*Italian words, like thofe of Latin and Greek, have this property almost univerfally: English and French words are generally deficient; in the former, the long fyllable being removed from the end as far as the found will permit; and in the latter, the laft fyllable being generally long. For example, Senator in English, Senator in Latin, and Senateur in French.


or fmoothness, of the found, refembles in any degree what is raised by the fenfe, we feel a very remarkable pleasure. But this fubject belongs to the third fection.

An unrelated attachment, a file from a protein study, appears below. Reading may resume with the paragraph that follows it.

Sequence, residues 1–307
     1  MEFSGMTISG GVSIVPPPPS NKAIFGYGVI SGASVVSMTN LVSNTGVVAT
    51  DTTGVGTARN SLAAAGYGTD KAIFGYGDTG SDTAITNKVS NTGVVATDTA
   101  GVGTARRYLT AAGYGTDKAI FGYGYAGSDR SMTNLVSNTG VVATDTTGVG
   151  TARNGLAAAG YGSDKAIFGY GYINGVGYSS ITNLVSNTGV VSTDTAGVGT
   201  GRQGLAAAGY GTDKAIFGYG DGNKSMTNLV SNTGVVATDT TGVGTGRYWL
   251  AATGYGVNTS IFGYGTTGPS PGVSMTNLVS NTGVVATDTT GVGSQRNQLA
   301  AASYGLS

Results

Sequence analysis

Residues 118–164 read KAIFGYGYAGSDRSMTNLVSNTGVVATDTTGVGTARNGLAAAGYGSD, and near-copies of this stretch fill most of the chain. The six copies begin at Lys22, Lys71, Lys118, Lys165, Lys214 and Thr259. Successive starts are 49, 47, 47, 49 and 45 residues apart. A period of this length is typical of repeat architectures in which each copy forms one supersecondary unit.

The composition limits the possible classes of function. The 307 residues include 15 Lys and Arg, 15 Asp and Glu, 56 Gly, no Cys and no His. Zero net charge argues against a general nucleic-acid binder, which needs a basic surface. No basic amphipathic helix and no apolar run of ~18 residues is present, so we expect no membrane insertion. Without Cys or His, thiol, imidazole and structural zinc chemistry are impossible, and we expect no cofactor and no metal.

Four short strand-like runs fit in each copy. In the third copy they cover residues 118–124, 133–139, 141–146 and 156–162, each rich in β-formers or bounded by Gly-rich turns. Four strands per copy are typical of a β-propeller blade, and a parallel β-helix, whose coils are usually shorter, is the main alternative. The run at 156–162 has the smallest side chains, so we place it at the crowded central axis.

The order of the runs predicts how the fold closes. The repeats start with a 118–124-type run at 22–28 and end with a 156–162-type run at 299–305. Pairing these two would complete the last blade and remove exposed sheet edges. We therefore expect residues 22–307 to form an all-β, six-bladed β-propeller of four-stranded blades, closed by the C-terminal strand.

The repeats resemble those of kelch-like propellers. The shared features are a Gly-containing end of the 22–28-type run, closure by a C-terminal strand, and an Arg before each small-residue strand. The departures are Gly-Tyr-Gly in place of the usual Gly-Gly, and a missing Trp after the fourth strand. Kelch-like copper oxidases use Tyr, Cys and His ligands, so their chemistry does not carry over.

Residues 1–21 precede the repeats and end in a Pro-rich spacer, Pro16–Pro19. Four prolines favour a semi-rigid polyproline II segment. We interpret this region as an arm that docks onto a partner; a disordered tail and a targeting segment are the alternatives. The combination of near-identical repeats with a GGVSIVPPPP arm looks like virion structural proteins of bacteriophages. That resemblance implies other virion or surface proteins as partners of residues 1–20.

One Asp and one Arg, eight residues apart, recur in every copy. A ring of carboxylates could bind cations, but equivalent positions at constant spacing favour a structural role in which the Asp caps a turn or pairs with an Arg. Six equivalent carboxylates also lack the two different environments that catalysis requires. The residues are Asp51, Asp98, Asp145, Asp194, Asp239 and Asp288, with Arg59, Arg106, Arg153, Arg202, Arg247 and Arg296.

The foregoing obfervations afford a standard to every nation, for eftimating, pretty accurately, the comparative merit of the words that enter into their own language: but they are not equally useful in comparing the words of different languages; which will thus appear. Different nations judge differently of the harshness or fmoothness of articulate founds; a found, for example, harsh and disagreeable to an Italian, may be abundantly smooth' to a northern ear: here every nation must judge for itself; nor can there be any folid ground for a preference, when there is no common ftandard to which we can appeal. The cafe is precisely the fame as in behaviour and manners: plain-dealing and fincerity, liberty in words and actions, form the character of one people; politeness, reserve, and a total disguise of every sentiment that can give offence, form the character of another people: to each the manners of the other are difagreeable. An effeminate mind cannot bear the least of that roughnefs and severity, which is generally esteemed manly when exerted upon proper occafions: neither can an effeminate ear bear the harshness of certain words, that are deemed nervous and founding by those accustomed to a rougher tone of fpeech. Muft we then relinquish all thoughts of compa